The State Board of Education (SBE) on Friday rejected a plan to allow North Carolina’s two low-performing virtual charter schools to increase their enrollments by as many as 3,800 students for one year to accommodate families in need of remote school options during the COVID-19 pandemic.
School leaders reported that NC Cyber Academy (NCCA) and NC Virtual Academy (NCVA) had combined wait lists of nearly 9,500 students.
But despite lengthy wait lists, the board voted 7-5 against the move, which board member J.B. Buxton said would give NCCA and NCVA preferential treatment over higher performing charters that have created virtual opportunities for students in response to the pandemic.
The virtual charters have scored school performance grades of “D” four consecutive years. The grades are based on state accountability measures. Test scores account for 80% of the grade and 20% is based on school growth.
“One thing I’m struggling with a little bit is there are charter schools that are going to virtual environments across the state who might be A charter schools or B schools and sitting at an enrollment cap with no ability to enroll additional students, but we’re giving two charter schools the opportunity to do that in an emergency way, so it’s unclear to me why we’re prejudicing two charter schools over the rest of them,” Buxton said.
Lt. Gov. Dan Forest, a Republican who is running for governor, countered that the virtual charters have more experience with remote learning.
“This is their model they’ve been doing this for five years,” Forest said. “This is the way they operate. I think parents can kind of look at this and go, they sort of know what they’re doing out here.”
Forest used the discussion to take a swipe at Gov. Roy Cooper, his Democratic opponent in the Nov. 3 General Election, for his decision to reopen schools with a mix of in-person instruction and remote learning. Cooper also gave school districts the option to reopen schools using remote learning only if coronavirus metrics indicate that’s best for students and staff.
“I think everybody on this call knows that I’m the biggest proponent in state for getting our kids back in the classroom where they belong,” Forest said during the board’s remote meeting. “I think our kids should be in the classroom right now, not learning virtually so this has nothing to do with virtual learning. For me, it has to do with providing options to our parents and students who are looking for these options.”
State Republicans have generally called for a more aggressive school reopening.
Board member Amy White, who was appointed to the board by former Republican governor Pat McCrory, introduced the plan to allow the two schools to increase enrollments last week.
“This is an opportunity for the State Board of Education to be responsive to students and families across our state who would like to have the opportunity for an additional choice of instruction while we are facing this pandemic and this is just one tool in our toolbox that we can access and leverage in order to be best responsive to them,” White said on Friday.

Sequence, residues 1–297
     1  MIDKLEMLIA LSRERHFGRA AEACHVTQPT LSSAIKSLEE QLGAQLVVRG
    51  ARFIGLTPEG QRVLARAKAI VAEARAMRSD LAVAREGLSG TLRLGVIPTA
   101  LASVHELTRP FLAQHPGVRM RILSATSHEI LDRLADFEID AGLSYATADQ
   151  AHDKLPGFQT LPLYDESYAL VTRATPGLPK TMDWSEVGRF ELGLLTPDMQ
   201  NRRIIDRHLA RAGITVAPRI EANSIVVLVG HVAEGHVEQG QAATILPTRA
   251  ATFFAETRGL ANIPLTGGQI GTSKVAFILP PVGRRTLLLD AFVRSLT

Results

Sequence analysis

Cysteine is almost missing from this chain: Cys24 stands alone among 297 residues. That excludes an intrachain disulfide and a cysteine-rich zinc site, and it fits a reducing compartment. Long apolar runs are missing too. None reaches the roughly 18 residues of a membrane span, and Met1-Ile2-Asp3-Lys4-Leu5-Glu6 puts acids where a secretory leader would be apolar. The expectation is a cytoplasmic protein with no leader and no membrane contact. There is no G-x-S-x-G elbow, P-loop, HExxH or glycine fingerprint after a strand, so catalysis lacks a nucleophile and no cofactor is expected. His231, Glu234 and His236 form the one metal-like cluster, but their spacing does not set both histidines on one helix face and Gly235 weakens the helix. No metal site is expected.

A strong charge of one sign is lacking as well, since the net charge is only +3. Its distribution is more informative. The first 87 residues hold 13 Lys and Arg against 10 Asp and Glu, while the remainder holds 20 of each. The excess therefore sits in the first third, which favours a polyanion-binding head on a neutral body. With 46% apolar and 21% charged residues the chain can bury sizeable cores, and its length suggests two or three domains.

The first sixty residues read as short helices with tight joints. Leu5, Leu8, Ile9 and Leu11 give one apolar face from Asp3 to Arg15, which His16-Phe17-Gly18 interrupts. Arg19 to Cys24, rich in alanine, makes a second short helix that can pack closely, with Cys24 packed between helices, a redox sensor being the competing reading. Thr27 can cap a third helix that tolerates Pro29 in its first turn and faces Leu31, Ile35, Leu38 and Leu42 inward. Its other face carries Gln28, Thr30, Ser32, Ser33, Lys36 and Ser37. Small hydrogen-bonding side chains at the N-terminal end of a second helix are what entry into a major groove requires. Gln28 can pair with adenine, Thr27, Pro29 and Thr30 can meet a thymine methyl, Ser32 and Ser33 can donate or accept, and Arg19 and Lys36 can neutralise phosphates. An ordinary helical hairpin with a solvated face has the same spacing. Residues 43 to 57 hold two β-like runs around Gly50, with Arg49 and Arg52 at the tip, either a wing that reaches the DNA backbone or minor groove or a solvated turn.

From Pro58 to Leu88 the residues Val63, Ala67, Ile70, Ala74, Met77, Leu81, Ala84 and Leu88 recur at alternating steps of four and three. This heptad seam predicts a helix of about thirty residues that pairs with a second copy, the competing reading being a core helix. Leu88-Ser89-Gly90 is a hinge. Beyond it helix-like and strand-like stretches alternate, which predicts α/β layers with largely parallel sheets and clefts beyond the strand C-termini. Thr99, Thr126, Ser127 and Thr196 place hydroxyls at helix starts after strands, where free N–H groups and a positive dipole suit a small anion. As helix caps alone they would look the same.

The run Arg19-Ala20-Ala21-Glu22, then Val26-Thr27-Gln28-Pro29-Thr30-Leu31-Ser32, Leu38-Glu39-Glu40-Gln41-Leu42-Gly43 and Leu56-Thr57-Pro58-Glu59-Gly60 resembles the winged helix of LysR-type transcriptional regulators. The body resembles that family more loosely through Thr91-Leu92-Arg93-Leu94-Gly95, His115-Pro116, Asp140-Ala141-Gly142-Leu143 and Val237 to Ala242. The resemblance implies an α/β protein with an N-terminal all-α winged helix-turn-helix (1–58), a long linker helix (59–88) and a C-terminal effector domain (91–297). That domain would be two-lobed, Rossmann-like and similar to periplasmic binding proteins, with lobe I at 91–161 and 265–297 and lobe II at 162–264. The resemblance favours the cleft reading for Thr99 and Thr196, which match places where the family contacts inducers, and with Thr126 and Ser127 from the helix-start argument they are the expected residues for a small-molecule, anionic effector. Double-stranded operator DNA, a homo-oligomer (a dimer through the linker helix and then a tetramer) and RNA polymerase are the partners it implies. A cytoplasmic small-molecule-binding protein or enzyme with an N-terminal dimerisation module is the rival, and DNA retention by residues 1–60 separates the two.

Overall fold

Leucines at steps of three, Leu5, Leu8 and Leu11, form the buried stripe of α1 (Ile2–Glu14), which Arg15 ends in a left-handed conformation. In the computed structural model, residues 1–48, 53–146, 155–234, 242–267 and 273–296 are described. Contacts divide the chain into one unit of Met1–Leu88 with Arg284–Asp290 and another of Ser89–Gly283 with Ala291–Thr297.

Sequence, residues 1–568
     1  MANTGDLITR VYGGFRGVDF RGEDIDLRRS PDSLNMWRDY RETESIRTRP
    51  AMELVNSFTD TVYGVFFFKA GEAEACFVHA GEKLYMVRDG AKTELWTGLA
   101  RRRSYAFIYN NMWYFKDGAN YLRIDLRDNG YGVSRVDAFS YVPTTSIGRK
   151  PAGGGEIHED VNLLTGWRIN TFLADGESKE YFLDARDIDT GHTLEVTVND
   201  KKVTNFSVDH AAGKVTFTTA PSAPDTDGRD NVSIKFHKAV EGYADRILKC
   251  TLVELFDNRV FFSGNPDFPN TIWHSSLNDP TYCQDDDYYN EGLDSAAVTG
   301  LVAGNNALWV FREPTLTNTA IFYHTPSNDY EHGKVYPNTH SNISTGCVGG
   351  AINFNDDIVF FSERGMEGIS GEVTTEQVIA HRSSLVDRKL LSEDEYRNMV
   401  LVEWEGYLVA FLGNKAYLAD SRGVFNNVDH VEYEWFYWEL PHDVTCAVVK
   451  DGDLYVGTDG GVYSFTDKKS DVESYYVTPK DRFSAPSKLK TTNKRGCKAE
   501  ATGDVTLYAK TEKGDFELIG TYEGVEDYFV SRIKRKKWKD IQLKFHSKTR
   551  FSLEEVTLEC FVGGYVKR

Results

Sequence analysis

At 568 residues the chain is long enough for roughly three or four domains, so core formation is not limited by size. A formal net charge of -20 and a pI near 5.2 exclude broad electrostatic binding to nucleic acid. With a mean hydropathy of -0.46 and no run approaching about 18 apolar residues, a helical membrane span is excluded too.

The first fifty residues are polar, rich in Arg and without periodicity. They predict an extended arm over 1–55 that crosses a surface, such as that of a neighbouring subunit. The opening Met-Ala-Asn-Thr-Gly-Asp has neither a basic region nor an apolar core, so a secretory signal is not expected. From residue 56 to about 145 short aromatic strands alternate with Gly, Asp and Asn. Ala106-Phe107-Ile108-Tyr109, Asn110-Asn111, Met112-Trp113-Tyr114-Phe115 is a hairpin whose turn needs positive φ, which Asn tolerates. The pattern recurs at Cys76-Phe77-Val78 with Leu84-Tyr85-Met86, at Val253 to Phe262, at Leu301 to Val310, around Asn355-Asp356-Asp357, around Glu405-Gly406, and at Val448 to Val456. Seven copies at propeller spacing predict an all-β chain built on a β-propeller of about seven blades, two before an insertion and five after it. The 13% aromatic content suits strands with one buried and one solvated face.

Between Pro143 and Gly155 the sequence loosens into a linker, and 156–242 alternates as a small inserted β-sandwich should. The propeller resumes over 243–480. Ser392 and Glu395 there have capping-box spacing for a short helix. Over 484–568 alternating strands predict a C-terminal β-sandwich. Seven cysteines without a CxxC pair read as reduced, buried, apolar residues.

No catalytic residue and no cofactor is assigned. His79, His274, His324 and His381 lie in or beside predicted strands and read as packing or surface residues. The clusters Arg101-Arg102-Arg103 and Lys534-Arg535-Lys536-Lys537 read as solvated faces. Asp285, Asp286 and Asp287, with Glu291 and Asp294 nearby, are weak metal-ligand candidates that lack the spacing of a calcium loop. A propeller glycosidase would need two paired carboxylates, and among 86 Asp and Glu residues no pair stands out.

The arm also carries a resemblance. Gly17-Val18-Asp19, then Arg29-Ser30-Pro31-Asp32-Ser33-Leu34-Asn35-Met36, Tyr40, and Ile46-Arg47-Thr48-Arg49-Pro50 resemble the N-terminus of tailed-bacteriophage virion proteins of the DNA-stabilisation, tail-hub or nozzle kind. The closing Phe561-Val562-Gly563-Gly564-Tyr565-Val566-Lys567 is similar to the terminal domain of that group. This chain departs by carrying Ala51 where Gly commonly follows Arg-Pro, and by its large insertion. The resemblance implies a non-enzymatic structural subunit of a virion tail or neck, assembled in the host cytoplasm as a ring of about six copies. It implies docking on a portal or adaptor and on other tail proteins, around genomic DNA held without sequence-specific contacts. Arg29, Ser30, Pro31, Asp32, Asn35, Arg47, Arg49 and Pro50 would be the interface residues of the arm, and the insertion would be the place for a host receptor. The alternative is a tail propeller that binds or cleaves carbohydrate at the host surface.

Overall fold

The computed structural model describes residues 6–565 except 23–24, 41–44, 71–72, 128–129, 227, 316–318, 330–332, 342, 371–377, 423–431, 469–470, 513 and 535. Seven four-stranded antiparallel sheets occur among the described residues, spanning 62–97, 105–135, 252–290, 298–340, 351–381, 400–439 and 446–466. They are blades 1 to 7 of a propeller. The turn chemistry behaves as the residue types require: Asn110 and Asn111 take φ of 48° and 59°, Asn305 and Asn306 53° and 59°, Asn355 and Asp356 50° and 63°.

The Charter School Advisory Board recommended Thursday that the schools be allowed to increase enrollments for one year with certain restrictions.
Under that recommendation, students could have enrolled in the virtual charters if there was no full-time virtual school option in the student’s district; if no spots were available in a district full-time virtual school; or if district was unwilling to provide devices or internet service.
The board’s vote came on a new proposal introduced by Forest that would have required a weighted lottery giving preference to students without access to a full-time virtual school or who did not have computer or internet access in their home.
Forest’s plan would have also held the virtual charter schools harmless for the academic performances of students added to the schools due to the coronavirus pandemic. The board would have received the student’s test scores, however.
“I believe this will actually help the board in the decision-making process down the road when they determine if the pilots should get a full charter or not,” Forest said. “We can see if the students who already had a virtual education under their belt did better than those who were enrolled for the year.”
The General Assembly authorized the two schools in 2015 as part of a four-year pilot program. Lawmakers later extended the program for an additional four years through 2022-23.
NCCA’s has a wait list of 2,888 students. School leaders said they could add 1,000 students and provide each with a laptop and technical support throughout the school year. The additional students would increase the school’s enrollment to 3,534 students.
Meanwhile, NC Virtual Academy’s wait list is 6,600 students. The school said it can add 2,800 students. That would push its current enrollment from 2,945 to 5,745 students.